Gathering Fog on Tomales Bay, July 5, 2016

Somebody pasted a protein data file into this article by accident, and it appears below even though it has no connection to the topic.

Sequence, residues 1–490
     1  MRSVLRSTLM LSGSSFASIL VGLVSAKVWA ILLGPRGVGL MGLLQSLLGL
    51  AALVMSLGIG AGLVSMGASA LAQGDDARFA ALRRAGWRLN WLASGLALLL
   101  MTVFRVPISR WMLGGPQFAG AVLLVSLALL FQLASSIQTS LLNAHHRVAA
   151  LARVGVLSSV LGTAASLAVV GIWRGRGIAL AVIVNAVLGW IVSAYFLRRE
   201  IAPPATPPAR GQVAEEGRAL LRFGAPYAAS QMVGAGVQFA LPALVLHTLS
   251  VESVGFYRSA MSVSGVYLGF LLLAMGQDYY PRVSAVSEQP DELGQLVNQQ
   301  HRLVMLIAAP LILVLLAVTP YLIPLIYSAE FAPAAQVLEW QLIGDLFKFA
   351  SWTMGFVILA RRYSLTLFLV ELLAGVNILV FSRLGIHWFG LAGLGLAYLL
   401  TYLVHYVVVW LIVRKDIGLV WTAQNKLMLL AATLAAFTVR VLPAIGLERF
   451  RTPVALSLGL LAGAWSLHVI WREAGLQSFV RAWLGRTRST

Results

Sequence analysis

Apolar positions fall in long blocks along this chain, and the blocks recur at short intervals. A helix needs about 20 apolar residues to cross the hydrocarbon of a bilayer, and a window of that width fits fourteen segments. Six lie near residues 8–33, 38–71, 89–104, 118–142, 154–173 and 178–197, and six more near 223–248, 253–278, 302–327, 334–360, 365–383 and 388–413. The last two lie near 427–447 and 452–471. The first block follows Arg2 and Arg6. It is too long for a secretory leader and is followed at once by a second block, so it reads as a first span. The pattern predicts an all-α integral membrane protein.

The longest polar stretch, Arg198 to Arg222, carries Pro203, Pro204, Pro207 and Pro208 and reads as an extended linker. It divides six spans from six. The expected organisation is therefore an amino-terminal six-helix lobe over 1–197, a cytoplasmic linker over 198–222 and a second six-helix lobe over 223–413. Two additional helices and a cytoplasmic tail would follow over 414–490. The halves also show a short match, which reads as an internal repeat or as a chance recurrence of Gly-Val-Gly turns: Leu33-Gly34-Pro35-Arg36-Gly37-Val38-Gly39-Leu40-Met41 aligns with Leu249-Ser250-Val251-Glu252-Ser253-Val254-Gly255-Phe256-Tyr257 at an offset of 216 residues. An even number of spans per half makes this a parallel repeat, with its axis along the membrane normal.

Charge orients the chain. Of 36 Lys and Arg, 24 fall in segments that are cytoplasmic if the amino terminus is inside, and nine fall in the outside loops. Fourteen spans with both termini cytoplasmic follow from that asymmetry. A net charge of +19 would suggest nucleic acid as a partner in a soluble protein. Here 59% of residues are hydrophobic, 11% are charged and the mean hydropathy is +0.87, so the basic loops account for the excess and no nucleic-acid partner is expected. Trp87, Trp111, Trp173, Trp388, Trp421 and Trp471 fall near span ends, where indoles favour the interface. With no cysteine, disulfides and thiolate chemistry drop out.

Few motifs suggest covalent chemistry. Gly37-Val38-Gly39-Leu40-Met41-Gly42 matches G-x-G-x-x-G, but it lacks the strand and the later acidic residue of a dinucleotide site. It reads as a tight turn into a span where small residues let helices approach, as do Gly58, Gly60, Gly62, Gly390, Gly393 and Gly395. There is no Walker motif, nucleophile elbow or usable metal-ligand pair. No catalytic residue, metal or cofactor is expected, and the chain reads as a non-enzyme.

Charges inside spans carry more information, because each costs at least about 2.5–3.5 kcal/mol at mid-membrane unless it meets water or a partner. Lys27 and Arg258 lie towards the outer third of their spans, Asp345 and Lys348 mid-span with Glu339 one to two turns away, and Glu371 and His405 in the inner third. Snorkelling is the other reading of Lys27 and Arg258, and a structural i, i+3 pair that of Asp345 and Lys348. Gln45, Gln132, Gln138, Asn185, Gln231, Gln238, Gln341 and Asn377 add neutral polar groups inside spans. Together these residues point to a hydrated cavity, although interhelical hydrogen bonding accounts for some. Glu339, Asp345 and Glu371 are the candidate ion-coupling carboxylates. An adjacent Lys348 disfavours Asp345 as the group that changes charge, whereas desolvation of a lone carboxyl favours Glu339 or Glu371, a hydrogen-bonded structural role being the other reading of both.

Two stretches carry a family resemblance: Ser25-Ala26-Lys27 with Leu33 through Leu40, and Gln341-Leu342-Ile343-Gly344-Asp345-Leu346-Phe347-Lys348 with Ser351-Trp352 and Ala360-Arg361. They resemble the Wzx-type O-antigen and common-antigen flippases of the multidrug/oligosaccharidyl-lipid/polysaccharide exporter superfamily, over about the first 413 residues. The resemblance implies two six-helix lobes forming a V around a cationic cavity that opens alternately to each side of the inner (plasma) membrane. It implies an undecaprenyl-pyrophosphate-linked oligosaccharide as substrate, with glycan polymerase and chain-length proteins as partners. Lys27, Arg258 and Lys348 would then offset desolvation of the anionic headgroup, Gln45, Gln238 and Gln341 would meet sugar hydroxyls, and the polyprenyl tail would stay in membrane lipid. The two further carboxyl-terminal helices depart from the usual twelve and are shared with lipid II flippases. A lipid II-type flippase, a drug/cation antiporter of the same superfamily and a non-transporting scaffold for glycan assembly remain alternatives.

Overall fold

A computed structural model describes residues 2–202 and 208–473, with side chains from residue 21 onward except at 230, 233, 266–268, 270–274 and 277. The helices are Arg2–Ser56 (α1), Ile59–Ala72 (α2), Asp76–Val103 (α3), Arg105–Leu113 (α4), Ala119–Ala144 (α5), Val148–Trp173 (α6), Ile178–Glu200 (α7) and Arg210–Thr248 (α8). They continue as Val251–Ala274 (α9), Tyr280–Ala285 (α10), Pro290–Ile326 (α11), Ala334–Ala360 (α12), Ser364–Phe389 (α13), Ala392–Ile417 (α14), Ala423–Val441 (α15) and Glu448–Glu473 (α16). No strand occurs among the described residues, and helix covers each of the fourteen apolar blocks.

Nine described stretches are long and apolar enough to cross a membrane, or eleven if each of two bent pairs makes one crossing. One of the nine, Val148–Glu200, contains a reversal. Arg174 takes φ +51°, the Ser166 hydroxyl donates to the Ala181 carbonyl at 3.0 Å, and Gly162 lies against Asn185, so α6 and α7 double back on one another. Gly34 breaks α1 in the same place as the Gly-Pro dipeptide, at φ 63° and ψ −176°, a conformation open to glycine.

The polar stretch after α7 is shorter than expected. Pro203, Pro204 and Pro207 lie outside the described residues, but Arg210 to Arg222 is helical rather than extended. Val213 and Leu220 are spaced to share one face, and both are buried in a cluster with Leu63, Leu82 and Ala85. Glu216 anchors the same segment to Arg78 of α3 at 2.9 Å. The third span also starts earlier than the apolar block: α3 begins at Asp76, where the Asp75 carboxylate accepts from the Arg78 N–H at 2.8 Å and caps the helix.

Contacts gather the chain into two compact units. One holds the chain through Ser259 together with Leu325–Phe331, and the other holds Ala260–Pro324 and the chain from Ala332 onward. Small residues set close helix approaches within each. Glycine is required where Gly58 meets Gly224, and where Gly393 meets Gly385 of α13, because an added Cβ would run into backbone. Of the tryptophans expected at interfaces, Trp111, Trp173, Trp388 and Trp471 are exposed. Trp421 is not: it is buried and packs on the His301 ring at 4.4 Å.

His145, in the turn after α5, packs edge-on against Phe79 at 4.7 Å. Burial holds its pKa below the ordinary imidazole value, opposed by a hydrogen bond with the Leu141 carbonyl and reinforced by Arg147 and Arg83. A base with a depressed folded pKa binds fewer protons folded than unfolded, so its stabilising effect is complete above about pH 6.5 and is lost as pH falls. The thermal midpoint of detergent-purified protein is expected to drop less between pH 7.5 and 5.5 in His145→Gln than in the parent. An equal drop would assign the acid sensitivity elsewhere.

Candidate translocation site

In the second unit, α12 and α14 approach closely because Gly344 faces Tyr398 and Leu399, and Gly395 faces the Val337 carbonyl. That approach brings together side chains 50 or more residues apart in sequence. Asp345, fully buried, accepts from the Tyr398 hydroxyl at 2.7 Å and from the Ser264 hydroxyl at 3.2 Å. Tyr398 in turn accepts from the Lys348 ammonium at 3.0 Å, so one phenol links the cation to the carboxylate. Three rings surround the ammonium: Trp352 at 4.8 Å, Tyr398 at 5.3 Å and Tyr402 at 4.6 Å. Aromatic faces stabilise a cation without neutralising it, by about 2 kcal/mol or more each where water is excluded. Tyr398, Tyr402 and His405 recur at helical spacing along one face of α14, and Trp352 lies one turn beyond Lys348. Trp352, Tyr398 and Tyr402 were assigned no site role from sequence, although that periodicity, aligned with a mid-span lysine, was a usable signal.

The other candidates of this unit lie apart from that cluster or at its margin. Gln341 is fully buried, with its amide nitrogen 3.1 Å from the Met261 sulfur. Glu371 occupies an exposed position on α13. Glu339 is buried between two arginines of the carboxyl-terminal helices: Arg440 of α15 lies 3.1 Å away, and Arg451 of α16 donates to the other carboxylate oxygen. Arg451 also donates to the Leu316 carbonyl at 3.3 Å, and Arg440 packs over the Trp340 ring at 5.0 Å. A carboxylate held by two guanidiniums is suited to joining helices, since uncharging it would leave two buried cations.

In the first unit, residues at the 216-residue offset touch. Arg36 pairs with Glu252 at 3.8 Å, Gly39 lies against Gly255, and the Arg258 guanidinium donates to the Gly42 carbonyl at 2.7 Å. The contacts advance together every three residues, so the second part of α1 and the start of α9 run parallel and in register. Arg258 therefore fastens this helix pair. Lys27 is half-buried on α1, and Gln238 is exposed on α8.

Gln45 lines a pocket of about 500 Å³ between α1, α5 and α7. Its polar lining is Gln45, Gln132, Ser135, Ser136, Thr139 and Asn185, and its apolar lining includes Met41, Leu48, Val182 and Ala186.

I am grateful for a house on the Point Reyes National Seashore. Days are rich in the prism of colors that annunciate sunrise and sunset. Bright skies this morning shift to mild fog rising like a slow-motion leviathan ghost creeping across the backs of the pinch-pressed peaks of this geological wonderland. Mountains shoved up at all angles from tectonic action as the North American and Pacific plates dance together, not always harmoniously. The beauty of the pleats of Black Mountain are explained in scientific poetry in US Geological Survey documents as “The Miocene and Pliocene sedimentary rock formations folded into a broad syncline with a northwest-trending axis running between Inverness Ridge and Point Reyes.” The local nicknames describe the compressed crests as Knuckle and Elephant Mountain more accurately. It is the tallest roll of mountain just right of center. Our house is nestled into Inverness Ridge at the base of Mount Vision. I lie in bed until afternoon reading about sea turtles on my first solo summer vacation day. After lunch in Point Reyes Station I stop along Sir Francis Drake Boulevard, midway down Tomales Bay, and watch as the fog unfolds slowly, rotating the lighting below as if in a theatrical production, highlighting a tree on one slope, a copse of birch trees on a point, then glowing through thin patches of fog for dramatic punctuation. I frame a panoramic view of this eastern scene at sunset. The barren foreground seems a metaphor of the dark challenges, losses, disappointment at our feet nestled into the history of our experience, and yet fog slowly parts to shine on the illuminated destination of a more luminous future in the distance. I am betting with the currency of gratitude and optimism on the richness of the now, and the promise of tomorrow in the distance.